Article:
Summary: A worker fell from the back of a ute while unloading ventilation tubes underground. There were three tubes on the tray. The worker was standing on top of an outer tube trying to remove the centre tube when the tube handle broke. The worker fell backwards over the side rail of the tray and onto the ground. The worker fractured his arm. The mine’s procedure for this task states that a maximum of two tubes are to be carried on the tray.
Recommendations to industry: When a risk of falling is present, mine operators must assess the risk and minimise the risk of fall by providing adequate protection against falls. Elevated areas that have not been identified as work areas/platforms must not be used as a work area. When work situations vary from existing procedures, workers must identify the risk and implement additional controls. 

Dangerous incident | IncNot0037311

Metals processing plant
Summary: An apprentice electrician suffered an electric shock when installing a bypass switch in a 240Vac electrical circuit. An isolation was put in place upstream and the cable was cut. As the apprentice was stripping the cable, he felt a tingling sensation and the electrician confirmed the presence of about 100 volts. A downstream uninterruptible power supply (UPS) was not isolated when the work commenced and a back-feed from the UPS was believed to be the source of the 100V. 
Recommendations to industry: Any isolation procedure should consider all potential sources of hazardous energy. Electrical isolations should be especially mindful of back-feeds, stored charges, induction and stored energy in circuit breaker springs. Test for dead verification tasks should then be performed to address each of the potential sources before starting work. 
ISR20-19 | Go to website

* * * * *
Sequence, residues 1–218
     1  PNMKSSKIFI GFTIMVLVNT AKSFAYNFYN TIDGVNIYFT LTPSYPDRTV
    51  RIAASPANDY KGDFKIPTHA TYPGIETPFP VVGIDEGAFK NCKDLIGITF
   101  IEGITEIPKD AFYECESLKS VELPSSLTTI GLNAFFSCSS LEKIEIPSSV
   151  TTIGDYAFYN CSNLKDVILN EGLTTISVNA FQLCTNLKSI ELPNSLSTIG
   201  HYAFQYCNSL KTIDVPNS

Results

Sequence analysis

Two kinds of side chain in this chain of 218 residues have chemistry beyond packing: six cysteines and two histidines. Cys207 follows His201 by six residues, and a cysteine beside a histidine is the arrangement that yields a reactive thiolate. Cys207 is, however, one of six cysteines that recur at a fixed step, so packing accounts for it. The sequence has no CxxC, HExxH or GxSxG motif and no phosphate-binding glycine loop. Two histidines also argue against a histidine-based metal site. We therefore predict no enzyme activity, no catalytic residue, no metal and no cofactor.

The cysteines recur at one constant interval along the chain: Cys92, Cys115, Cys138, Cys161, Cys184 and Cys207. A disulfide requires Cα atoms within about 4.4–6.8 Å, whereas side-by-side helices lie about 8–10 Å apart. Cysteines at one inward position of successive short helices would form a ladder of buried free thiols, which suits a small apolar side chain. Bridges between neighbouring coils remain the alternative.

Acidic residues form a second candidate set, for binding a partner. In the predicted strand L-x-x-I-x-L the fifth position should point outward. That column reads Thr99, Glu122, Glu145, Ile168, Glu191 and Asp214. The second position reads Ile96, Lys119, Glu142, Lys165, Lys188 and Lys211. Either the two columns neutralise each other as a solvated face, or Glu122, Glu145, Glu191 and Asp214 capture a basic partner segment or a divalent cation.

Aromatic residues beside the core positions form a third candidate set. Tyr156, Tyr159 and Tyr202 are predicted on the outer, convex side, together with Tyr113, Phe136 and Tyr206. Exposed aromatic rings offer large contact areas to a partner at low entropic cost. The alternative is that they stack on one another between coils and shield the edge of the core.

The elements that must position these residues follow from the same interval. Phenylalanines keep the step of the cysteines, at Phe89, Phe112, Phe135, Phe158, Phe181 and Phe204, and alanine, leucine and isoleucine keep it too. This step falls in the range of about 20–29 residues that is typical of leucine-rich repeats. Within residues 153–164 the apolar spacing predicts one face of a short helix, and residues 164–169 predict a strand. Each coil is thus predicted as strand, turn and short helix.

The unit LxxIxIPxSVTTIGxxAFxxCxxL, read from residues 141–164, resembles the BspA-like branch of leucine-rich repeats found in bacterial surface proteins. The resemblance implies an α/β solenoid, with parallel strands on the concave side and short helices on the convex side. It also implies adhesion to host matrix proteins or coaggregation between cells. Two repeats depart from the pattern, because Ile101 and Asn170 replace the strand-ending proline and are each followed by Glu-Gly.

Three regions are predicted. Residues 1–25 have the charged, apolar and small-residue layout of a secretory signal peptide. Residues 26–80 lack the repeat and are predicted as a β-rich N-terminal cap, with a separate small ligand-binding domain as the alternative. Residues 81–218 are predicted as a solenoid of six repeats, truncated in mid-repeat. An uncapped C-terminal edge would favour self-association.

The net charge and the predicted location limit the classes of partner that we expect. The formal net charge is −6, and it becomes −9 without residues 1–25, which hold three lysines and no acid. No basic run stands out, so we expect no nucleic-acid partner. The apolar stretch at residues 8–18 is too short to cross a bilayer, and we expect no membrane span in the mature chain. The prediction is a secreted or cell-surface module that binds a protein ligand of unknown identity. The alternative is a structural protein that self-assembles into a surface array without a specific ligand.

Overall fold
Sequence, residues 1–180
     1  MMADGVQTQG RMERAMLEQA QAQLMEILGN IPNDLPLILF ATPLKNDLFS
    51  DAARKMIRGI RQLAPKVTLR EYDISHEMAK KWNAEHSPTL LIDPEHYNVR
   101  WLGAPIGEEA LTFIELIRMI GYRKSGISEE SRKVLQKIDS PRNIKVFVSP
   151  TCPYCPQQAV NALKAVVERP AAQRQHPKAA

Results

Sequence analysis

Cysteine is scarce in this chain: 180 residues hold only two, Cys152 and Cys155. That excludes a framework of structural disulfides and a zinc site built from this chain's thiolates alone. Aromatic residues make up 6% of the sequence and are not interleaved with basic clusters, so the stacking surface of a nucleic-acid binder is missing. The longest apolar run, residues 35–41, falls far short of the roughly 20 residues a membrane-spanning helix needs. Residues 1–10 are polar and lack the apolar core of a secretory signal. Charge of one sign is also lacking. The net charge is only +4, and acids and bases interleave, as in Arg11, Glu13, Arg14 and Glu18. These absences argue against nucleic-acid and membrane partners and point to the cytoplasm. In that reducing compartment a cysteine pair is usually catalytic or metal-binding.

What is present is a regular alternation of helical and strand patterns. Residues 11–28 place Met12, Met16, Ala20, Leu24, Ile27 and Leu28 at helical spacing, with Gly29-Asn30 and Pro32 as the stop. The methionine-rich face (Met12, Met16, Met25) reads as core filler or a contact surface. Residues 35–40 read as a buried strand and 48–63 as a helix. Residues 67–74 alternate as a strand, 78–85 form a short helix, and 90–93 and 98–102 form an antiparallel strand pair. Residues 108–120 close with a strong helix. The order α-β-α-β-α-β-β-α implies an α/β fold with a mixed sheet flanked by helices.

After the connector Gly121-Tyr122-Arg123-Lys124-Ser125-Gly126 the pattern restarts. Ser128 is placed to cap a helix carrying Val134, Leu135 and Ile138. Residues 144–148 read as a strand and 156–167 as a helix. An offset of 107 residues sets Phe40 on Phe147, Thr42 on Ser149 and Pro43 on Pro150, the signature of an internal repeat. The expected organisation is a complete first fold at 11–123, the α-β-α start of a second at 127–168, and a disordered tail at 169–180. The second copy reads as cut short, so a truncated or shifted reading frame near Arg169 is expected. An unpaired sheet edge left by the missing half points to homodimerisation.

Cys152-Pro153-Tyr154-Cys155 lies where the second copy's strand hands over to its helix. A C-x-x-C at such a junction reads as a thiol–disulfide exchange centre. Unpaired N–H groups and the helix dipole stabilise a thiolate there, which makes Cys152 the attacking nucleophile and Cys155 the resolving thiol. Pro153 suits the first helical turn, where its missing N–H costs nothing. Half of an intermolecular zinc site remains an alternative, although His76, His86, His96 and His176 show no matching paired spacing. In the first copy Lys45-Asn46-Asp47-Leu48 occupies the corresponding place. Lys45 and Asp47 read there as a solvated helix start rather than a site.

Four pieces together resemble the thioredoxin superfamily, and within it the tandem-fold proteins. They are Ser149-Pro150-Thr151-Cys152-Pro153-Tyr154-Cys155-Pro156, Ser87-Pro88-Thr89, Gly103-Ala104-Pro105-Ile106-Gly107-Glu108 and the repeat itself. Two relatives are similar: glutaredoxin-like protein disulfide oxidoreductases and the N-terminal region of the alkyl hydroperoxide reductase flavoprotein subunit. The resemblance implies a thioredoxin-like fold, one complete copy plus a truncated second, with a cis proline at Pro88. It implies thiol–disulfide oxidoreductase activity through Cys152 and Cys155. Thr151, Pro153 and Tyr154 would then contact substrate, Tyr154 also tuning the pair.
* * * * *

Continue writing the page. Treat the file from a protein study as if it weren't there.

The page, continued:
Other publications of interest

These incidents are included for your review. The NSW Resources Regulator does not endorse the findings or recommendations of these incidents. It is your legal duty to exercise due diligence to ensure the business complies with its work health and safety obligations.
National (other, non-fatal)

Publication: Queensland Mine (Coal) Inspectorate
Workers injured in ignition event

Five coal mine workers suffered serious burn injuries during a gas ignition event on a longwall face in an underground mine near Moranbah. The workers were receiving hospital treatment for their injuries. 
The cause of the ignition event is under investigation. The mine was evacuated and secured to prevent people entering the mine until gas monitoring analysis and re-entry risk assessment determines it is safe to do so.

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You can find all our guidance and incident related publications (that is, safety alerts, safety bulletins, incident information releases, weekly incident summaries and investigation reports) on our website:

*While the majority of incidents are reported and recorded within a week of the event, some are notified outside this time period. The incidents in this report therefore have not necessarily occurred in a one week period. All newly recorded incidents, whatever the incident date, are reviewed by the Chief Inspector and senior staff each week and summarised in this report. For more comprehensive statistical data refer to our Safety Performance Measures Reports and our Business Activity Reports